You can always count on the Academy Awards voters to blow it. But the Academy's failure to nominate Bruce Springsteen's "The Wrestler" for Best Original Song makes me wonder if the nods are decided by throwing darts at a board labeled "next best things."
Hey, I don't mean to denigrate the songs that were nominated. Peter Gabriel's "Down to Earth," written for Wall-E, is a nicely subdued number that gently sways between melancholy and hopeful. And Slumdog Millionaire's "O Saya" and"Jai Ho" are thrilling, cosmopolitan, danceable tracks that show the Academy nodding to a world beyond Hollywood.
But sparse and solemn, "The Wrestler," from the film of the same name, has an intensely affecting emotional specificity that the aforementioned nominees lack. It's not just the best song written for a movie in 2008, it's better than anything else on Springsteen's upcoming Working on a Dream (which features "The Wrestler" as a bonus track).
Listen: Bruce Springsteen, "The Wrestler"
My biggest problem with Dream is how the lyrics constantly lapse into empty clichés. Take the title track. An unnamed narrator "has drawn a rough hand," but finds solace in the fact that "the sun rises up." Who is this person? Why should we care? Similarly, "My Lucky Day" finds Springsteen singing about "the burden of the day" and "the weary hands of time."
Compare those songs with a classic Springsteen track like 1982's "Atlantic City," in which a whole world is hinted at in the opening line of, "Well, they blew up the chicken man in Philly last night." I mean, "Thunder Road"'s "The screen door slammed / Mary's dress waved" -- that's a novel. "My Lucky Day's" string of platitudes barely adds up to a greeting card.
Thankfully, "The Wrestler" finds Springsteen at the top of his form. The title alone offers a concrete image in a way that the vagaries of Dream's other songs do not. That specificity is deepened with lines about "the broken bones and bruises" and crowds "that smile when the blood / it hits the floor."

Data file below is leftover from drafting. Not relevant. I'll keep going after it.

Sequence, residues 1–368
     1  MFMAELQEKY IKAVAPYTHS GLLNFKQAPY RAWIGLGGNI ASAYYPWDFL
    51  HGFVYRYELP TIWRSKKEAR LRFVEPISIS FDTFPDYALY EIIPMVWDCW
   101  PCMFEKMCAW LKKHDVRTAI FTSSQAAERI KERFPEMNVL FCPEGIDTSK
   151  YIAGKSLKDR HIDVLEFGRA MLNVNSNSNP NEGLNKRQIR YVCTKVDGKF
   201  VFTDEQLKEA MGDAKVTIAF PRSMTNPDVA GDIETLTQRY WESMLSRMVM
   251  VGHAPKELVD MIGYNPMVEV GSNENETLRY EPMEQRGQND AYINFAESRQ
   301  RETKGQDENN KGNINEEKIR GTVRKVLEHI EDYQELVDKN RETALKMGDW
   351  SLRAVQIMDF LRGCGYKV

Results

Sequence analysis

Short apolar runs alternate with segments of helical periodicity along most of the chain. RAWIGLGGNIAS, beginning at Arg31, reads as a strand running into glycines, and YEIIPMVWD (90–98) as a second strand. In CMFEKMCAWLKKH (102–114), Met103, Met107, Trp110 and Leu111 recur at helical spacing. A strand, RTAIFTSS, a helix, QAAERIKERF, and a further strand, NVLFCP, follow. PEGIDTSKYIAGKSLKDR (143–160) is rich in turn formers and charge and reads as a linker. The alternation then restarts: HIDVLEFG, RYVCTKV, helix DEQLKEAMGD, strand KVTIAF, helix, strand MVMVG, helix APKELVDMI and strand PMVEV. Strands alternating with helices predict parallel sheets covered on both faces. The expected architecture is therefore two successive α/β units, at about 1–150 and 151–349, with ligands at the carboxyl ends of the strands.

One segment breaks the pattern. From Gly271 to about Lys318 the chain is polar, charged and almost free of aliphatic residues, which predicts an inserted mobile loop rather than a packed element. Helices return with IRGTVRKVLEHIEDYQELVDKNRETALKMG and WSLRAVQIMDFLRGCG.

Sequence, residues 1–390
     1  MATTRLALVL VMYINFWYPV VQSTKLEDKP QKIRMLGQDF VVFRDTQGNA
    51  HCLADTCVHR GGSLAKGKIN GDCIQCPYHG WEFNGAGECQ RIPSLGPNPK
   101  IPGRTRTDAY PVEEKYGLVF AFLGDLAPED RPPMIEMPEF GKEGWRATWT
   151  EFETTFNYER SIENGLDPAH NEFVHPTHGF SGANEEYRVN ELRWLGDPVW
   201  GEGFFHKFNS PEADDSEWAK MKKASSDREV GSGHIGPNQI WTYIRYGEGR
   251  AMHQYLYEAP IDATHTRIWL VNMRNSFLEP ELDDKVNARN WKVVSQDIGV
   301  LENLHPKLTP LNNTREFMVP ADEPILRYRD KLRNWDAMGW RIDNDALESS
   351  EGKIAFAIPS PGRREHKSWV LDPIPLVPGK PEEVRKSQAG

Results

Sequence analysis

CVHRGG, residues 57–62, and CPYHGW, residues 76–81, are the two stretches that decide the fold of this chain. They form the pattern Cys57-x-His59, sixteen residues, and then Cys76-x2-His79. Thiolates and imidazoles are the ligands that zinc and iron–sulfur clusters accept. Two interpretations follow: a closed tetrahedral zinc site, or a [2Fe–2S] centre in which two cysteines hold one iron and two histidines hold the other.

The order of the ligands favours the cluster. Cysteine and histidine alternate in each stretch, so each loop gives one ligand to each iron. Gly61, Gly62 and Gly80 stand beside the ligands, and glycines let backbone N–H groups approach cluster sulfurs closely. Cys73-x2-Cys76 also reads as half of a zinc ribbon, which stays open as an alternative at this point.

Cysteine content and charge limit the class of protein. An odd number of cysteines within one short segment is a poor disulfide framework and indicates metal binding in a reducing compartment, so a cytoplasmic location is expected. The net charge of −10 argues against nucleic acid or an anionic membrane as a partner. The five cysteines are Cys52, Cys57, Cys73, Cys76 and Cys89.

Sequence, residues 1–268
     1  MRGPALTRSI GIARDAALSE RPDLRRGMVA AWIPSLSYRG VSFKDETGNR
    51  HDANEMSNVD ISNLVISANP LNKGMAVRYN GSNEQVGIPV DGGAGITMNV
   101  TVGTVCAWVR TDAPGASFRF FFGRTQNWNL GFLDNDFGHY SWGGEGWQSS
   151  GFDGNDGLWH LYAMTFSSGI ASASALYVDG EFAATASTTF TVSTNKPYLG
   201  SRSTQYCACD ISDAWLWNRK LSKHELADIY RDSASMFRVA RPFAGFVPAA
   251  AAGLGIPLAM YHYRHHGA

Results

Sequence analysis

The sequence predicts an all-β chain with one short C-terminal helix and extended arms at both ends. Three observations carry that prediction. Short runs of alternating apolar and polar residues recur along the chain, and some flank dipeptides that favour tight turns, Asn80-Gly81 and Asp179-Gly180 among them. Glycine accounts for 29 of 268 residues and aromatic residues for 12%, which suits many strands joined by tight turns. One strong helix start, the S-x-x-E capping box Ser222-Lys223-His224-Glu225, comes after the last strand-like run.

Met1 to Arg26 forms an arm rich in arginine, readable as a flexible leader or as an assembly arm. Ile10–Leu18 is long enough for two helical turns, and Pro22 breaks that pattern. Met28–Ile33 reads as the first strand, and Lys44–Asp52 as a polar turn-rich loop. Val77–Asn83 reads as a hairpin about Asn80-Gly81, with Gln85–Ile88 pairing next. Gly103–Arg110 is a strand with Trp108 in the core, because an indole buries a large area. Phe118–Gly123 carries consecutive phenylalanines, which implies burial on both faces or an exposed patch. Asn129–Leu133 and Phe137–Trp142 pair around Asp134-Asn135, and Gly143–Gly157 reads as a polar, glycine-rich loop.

Those telling details are like the difference between a stranger telling you they feel broken-hearted and your friend saying the same thing. We feel like we know "the Wrestler," and that makes us care that he feels like a "one-legged dog."
And if you've seen the movie, you know that that's exactly the kind of phrase Randy "the Ram" Robinson (magnificently played by Springsteen's pal Mickey Rourke) would use to describe himself. In that way, it's clear that Springsteen took the task of writing a song for the movie seriously. He wasn't content to just offer up some album leftover and have it slapped over the end credits. Instead, he wrote a song distilling the emotional essence of the film. I'm not sure you can say the same about the songwriter's behind Oscar's nominated songs.
Wealthy, beloved, superstar Springsteen is about as far removed from a broken down brawler as an entertainer can get, but there's a line in "The Wrestler" that connects singer and character in a deeply moving way. "I always leave with less than I had before," sings Springsteen. Thousands of grueling three-hour shows. Years of rootless living. A failed marriage. It may not be blood, but there is a cost to what Springsteen does.Despite that, a few lines later, when he asks, "Tell me / Can you ask for anything more?" there's no doubt as to what his, or the Ram's, answer would be.
The ultimate message of the song is that entertainers make sacrifices. And sometimes, as in the case of "The Wrestler," they make great art. It's too bad the Academy has such a hard time recognizing the very thing they're supposed to reward.
Watch: The Wrestler trailer